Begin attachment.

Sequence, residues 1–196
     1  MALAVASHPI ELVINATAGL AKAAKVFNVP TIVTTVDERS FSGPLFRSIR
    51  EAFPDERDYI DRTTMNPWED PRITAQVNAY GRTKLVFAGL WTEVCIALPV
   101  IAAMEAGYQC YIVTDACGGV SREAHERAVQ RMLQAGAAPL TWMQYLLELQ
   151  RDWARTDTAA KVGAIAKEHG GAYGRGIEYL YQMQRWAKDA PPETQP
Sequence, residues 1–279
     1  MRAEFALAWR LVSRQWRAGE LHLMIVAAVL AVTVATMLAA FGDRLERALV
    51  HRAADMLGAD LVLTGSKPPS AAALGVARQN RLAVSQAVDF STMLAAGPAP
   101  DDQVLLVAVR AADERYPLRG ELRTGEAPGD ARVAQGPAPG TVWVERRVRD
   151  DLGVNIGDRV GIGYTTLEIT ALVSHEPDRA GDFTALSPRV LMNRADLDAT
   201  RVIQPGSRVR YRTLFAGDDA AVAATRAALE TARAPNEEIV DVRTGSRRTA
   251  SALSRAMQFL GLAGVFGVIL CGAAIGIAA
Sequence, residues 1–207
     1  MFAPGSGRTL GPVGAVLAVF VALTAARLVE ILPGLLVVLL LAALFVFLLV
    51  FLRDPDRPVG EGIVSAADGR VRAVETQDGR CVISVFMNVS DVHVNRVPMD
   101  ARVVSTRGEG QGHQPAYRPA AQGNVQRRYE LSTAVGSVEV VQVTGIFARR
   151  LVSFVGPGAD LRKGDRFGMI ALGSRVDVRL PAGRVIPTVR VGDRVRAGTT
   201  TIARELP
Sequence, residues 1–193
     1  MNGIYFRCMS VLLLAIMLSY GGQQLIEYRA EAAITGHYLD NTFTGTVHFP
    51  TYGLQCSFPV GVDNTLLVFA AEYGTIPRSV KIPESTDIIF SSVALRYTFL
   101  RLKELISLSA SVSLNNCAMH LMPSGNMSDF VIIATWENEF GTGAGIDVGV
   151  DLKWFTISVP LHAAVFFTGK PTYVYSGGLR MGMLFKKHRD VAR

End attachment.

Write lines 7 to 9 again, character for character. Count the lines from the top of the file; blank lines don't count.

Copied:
     1  MRAEFALAWR LVSRQWRAGE LHLMIVAAVL AVTVATMLAA FGDRLERALV
    51  HRAADMLGAD LVLTGSKPPS AAALGVARQN RLAVSQAVDF STMLAAGPAP
   101  DDQVLLVAVR AADERYPLRG ELRTGEAPGD ARVAQGPAPG TVWVERRVRD